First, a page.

McClatchy reports: A month after the Obama administration pledged stepped-up support for Syria’s armed opposition, the government of President Bashar Assad’s position has improved, with U.S. assistance to the rebels apparently stalled and deadly rifts opening among the forces battling to topple the Assad regime.
Government forces appear close to forcing rebels from the key city of Homs after a 10-day offensive, while an al Qaida-linked rebel group on Thursday assassinated a top commander from the more moderate, Western-backed Supreme Military Council, signaling what one British newspaper dubbed a “civil war within a civil war.”
And that’s only some of the recent setbacks for the Syrian opposition’s two-track struggle toward improved fighting capabilities and greater political legitimacy.
In the United States, political and logistical snags are preventing the distribution of promised military aid, while in Turkey, the exiled civilian Syrian Opposition Coalition remains mired in organizational turmoil.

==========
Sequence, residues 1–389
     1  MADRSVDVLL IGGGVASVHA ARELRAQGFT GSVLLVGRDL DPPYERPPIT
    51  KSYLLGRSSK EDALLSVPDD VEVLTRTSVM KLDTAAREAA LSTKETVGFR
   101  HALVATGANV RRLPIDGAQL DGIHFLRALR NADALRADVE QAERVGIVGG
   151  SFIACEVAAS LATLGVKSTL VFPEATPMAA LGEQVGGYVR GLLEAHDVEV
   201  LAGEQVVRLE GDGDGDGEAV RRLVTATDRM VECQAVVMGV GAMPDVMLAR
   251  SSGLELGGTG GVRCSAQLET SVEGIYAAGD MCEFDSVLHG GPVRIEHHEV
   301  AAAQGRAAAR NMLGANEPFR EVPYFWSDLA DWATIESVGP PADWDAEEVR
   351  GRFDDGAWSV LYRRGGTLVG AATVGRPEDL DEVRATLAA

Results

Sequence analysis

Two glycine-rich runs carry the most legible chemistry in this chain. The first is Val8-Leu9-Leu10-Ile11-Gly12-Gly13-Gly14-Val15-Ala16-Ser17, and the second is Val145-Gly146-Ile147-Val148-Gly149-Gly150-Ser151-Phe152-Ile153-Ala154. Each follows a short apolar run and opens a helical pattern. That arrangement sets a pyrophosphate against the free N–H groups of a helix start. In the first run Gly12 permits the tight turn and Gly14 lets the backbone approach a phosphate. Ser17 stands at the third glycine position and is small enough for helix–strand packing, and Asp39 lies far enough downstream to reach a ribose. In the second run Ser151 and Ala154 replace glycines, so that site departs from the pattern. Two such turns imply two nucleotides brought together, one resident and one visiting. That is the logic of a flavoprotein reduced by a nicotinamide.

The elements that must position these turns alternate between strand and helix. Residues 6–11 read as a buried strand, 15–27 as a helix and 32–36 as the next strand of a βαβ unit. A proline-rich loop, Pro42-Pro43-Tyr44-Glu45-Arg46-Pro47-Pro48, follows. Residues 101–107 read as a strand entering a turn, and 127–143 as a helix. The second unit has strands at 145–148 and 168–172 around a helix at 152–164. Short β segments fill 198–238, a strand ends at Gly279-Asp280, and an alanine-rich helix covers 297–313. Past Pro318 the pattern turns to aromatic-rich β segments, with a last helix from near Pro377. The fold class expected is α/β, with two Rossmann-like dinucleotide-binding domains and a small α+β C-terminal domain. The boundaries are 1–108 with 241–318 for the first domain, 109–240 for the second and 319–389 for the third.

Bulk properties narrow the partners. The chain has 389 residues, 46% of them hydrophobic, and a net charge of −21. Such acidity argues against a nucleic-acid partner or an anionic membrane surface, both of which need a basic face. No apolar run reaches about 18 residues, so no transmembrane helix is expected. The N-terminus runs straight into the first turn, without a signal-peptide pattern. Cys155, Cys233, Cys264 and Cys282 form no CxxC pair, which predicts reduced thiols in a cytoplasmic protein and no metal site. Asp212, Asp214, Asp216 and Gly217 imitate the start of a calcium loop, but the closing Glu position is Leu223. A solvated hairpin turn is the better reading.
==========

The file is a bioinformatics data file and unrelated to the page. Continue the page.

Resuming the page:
The coalition’s prime minister, Ghassan Hitto, a naturalized American citizen, resigned his post, days after the group elected a new chairman, Ahmed Assi al Jarba. Hitto and Jarba represent different factions in the organization, one backed by Qatar, the other by Saudi Arabia, with Jarba’s election representing a Saudi victory.
Jarba’s ascendency is also a defeat for the Syrian Muslim Brotherhood, which has dominated the exile opposition for years.
The biggest reversals, however, came inside Syria, where areas once solidly under rebel control have begun to slip away. That has cut into the opposition’s ability to provide aid to hungry, besieged communities – a key part of a strategy to prove it could govern Syria, should Assad fall. [Continue reading…]